🛻 Driving Off-Road¶
One of my favorites, going off-road is like a little vacation. I get to see beautiful scenery, sometimes wildlife, and since it requires some concentration, I’m not thinking about other responsibilities. It’s a kick to share with someone else or just enjoy by myself. The important thing is to do it deliberately, not like Tiger Wood.
When going off-road it’s important to prepare for the experience because many things can go wrong. I drive a 2000 Jeep Wrangler TJ and because I take care of it, my 21 year old Jeep is still going strong. It hasn’t had a back seat in years. Since I don’t have a lot of money, many of the things that others add to the outside of their vehicles, I keep inside.
Among these things are my “high lift” jack. I also have an air tank which I fill up before I leave home. And rather than a winch, I have what’s called a “come along”. It’s a little hand operated winch that takes up little space and weighs very little. I can hook it up to the rear, the front or the side of the Jeep, so it’s versatile. You may think that limits me because I can’t operate it and drive at the same time, but that’s not exactly true. I have a chain for some added length and more importantly, I have a stretchy, heavy duty nylon tow strap.
One day I got stuck and needed to use the “come along”. All I needed was just a couple more feet of forward movement to get to the place where I could drive without assistance. So I hooked the device to a tree and then to the tow strap, which I hooked to the jeep. Then I cranked the “come along” until the tow strap was stretched very tight, got into the Jeep and the tension I had cranked into the tow strap was enough to pull me forward just enough to get some good traction so I could just drive. WHEW!
I also carry a tool kit and a tire patch kit. The air tank will fill up a patched tire. Binoculars come in handy and one never knows, so I carry a pistol and ammo “just in case”. A cell phone sometimes does not get a signal, but most of the time does. Sturdy shoes/boots, appropriate clothing, water, a blanket, and a folding shovel can come in handy. I also have a flashlight, some matches, a fire extinguisher, a utility knife and a rather large “emergency knife” with a saw blade on one side. Just for pure enjoyment, I have plenty of music on a USB stick.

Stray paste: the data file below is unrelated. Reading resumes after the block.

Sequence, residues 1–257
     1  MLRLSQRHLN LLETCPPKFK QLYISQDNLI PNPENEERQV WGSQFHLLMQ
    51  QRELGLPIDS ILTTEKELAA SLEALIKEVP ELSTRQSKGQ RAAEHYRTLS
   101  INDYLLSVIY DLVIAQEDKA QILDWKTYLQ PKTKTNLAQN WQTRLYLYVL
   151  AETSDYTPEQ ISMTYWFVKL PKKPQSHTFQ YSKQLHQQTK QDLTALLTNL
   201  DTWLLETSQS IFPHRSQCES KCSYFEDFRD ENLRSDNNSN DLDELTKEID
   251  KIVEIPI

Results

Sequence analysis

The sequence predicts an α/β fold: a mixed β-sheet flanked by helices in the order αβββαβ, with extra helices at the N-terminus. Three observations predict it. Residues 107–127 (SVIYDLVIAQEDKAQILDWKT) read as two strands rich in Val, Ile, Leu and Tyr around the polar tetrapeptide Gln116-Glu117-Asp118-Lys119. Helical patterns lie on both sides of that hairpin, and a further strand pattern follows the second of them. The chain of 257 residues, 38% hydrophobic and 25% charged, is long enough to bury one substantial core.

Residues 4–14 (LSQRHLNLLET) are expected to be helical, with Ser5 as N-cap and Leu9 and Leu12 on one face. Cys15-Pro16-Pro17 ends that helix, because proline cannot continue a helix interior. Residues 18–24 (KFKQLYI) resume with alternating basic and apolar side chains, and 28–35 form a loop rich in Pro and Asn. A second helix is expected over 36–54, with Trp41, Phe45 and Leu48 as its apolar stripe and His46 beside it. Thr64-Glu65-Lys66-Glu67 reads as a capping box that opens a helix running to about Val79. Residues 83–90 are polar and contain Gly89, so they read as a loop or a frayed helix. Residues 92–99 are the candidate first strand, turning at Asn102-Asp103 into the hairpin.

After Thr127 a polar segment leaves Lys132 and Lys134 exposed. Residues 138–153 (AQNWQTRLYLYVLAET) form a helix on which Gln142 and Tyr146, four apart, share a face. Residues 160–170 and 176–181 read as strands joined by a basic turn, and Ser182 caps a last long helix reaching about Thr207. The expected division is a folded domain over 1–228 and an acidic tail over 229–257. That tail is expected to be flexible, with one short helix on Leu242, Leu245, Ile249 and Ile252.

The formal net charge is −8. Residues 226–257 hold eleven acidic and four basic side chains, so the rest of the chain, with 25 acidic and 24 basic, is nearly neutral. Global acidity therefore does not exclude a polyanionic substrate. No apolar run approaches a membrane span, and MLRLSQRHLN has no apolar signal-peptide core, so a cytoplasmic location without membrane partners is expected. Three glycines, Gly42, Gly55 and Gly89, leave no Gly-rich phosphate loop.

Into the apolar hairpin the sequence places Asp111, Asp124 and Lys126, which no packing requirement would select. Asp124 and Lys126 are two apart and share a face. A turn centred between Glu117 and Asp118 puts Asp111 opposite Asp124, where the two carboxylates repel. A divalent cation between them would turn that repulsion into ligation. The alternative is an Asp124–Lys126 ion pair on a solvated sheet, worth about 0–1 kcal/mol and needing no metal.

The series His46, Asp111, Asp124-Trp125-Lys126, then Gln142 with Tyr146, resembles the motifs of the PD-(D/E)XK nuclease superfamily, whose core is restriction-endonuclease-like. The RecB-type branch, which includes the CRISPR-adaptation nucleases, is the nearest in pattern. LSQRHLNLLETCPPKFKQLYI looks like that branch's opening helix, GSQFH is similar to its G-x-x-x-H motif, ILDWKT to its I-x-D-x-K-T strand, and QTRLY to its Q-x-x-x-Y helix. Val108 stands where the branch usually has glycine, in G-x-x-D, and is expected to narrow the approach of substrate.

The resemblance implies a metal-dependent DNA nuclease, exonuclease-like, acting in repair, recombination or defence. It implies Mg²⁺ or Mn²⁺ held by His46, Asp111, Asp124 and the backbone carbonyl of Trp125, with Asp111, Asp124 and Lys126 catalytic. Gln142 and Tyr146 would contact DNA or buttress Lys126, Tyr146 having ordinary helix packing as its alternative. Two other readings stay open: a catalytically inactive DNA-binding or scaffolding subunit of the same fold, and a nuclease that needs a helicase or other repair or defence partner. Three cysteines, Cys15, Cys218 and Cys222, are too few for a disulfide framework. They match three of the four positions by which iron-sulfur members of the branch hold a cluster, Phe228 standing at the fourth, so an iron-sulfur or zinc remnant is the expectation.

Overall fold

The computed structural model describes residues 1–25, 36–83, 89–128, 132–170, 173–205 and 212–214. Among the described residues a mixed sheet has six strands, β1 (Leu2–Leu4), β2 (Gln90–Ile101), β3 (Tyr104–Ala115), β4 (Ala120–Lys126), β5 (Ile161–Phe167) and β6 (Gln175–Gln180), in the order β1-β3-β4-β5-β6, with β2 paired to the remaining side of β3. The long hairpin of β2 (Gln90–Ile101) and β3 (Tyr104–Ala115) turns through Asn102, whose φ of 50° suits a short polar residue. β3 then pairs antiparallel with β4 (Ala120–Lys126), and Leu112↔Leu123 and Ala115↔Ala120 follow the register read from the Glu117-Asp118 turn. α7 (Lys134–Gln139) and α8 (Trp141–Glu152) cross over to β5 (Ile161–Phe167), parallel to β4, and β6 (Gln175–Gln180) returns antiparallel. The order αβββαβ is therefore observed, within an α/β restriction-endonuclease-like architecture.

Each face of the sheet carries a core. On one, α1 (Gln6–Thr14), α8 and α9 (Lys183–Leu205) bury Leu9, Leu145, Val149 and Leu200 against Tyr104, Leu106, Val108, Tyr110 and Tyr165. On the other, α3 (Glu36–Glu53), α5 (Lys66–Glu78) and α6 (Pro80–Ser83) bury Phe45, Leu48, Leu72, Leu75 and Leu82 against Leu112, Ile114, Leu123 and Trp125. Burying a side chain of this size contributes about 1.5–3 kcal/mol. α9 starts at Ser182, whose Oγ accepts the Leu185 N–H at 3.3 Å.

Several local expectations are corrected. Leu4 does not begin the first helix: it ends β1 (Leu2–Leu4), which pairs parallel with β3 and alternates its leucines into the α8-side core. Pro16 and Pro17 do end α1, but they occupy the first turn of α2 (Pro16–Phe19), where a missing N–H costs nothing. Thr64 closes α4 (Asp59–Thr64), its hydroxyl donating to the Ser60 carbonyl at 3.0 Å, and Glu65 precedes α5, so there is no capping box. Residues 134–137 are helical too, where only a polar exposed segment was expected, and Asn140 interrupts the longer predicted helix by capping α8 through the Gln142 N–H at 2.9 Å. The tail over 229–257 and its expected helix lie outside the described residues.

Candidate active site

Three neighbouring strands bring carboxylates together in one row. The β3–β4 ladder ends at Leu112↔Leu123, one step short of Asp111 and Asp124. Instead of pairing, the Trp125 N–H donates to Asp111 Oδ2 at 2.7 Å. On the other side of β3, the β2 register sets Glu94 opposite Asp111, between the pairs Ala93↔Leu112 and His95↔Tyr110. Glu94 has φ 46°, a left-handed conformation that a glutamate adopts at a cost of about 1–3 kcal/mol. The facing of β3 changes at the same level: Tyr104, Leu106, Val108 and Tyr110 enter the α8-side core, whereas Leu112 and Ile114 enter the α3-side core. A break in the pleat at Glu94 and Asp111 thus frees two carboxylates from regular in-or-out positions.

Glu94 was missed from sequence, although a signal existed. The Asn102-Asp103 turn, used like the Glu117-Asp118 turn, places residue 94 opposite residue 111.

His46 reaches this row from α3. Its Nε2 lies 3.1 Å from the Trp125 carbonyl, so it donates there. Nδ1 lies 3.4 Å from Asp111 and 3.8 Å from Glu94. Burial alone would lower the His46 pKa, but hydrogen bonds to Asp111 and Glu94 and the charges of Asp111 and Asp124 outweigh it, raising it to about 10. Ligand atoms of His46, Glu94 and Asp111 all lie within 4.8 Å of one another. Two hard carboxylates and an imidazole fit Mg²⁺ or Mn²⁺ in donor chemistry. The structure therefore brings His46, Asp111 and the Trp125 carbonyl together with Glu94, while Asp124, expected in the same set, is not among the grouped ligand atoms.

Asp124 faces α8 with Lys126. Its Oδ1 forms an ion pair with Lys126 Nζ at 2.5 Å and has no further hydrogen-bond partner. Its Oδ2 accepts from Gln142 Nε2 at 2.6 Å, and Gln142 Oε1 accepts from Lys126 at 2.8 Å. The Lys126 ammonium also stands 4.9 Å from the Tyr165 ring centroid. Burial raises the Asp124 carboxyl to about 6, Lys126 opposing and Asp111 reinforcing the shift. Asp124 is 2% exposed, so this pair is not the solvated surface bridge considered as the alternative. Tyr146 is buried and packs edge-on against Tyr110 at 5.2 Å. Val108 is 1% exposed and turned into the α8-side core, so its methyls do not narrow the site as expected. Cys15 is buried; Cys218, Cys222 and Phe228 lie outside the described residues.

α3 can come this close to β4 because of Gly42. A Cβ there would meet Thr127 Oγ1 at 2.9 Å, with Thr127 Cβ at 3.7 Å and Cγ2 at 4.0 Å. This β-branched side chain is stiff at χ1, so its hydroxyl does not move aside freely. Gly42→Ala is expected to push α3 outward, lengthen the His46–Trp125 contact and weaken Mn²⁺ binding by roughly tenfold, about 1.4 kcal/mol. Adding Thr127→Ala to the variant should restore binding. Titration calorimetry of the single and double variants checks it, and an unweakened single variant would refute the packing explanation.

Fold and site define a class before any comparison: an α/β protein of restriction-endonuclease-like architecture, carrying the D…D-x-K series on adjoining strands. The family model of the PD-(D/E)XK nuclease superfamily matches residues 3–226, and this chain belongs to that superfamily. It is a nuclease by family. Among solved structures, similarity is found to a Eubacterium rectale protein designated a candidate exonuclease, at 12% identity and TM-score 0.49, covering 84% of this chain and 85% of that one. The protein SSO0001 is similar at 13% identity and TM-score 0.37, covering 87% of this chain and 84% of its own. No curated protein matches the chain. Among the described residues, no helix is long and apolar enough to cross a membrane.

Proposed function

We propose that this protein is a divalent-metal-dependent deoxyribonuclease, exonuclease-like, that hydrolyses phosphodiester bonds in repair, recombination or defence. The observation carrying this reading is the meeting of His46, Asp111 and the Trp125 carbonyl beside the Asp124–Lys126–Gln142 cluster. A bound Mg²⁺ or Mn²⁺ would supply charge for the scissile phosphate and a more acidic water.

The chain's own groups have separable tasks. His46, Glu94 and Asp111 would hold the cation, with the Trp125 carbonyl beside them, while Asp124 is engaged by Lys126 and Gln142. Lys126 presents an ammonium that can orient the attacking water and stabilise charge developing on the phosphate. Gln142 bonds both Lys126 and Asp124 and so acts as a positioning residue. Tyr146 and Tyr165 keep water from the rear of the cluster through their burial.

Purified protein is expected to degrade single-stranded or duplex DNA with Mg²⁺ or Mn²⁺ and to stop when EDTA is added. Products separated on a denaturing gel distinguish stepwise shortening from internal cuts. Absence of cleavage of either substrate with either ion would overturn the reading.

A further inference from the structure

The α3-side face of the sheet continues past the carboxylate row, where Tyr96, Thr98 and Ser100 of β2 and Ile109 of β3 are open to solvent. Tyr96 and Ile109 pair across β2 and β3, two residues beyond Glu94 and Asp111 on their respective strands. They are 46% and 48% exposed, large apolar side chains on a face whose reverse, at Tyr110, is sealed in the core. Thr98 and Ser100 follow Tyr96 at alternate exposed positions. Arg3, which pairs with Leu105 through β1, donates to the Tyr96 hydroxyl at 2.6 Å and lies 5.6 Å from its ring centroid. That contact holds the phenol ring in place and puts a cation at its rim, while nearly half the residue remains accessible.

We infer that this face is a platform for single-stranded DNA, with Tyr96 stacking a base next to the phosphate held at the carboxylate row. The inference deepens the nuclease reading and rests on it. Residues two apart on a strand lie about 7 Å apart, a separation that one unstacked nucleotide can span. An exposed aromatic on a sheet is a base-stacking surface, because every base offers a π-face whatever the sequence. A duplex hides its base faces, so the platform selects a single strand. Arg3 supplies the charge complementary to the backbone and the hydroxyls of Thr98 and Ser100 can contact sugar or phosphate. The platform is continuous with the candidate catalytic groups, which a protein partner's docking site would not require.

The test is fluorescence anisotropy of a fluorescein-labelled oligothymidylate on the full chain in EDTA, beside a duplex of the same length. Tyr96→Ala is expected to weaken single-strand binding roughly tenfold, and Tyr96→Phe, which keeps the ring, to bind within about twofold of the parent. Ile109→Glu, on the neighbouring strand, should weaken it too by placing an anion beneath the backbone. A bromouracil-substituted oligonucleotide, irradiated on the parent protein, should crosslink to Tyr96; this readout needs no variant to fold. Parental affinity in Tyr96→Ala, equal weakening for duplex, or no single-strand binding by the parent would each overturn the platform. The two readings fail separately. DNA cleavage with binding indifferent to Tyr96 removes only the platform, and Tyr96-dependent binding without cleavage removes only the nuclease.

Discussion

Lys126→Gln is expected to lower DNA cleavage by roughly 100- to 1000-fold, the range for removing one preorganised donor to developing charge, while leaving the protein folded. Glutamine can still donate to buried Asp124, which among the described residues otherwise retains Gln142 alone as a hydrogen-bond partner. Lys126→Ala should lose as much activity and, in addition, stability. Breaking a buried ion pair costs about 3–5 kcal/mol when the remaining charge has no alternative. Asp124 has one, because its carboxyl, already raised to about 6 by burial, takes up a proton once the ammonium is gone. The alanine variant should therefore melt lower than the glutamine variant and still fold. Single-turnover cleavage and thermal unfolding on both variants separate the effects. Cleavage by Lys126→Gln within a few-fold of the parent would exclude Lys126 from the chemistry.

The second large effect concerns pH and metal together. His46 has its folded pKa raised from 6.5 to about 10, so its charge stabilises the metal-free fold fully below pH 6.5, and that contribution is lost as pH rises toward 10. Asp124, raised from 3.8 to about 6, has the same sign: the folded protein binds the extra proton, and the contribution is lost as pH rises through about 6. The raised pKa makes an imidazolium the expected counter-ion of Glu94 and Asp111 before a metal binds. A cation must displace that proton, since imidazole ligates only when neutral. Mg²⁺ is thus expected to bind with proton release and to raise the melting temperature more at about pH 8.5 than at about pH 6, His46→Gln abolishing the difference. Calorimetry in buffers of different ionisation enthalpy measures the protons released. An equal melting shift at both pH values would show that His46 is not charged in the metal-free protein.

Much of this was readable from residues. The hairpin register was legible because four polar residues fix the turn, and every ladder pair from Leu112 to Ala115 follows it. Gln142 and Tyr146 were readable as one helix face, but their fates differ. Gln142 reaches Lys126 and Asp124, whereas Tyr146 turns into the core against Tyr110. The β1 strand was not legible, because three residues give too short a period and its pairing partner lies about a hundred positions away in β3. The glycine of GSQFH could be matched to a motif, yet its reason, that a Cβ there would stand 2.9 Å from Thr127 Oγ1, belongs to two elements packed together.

The Jeep itself is somewhat reasonably equipped. I have skid plates under the oil pan, and the gas tank and “rock sliders” under the rocker panels. The front differential has a “cable locker” to send power to both front wheels at the same time and it has its own HEAVY DUTY cover. The rear differential has a skid plate and an electronic locker to send power to both wheels, so it is a true 4 wheel drive vehicle.
The tires and suspension are quite important. The slightly oversized, knobby tires, and my lower gearing, get power to the wheels more effectively. I also have a smallish “lift” in the suspension, so the bottom of the Jeep will clear rocks, logs & other objects more easily.
The shocks are adjustable. The overall effect of the lift, with longer springs and adjustable shocks, is to make the suspension more flexible. On-road, one usually wants a suspension that will keep a vehicle sitting flat on the road and stiff enough, like a sports car or a racer, to keep it from leaning a lot on corners, . Off-road that is just WRONG. Off-road, one WANTS the suspension to flex - a lot - as much as it needs to, to clear objects. The long springs combined with shocks that will adjust to a softer setting, allow that flex and clearance. With the soft shock setting, the vehicle does not get thrown around by all that flexing.
I have also added some tweaks for more power. A throttle body spacer, high flow air cleaner, and high flow exhaust provide that power while NOT hurting my gas mileage.
Of course all these modifications come in handy in deep snow or mud too. The low range of the normal Jeep power train will let me literally climb fairly steep inclines at an idol. The good old Jeep 4.0 liter, inline 6 cylinder motor with tons of torque, lets me use the clutch at very low RPMs and the result is that after over 165,000 miles, I’m still on my original clutch. Can you tell? I really like my Jeep. Here’s a couple of pretty places I’ve been.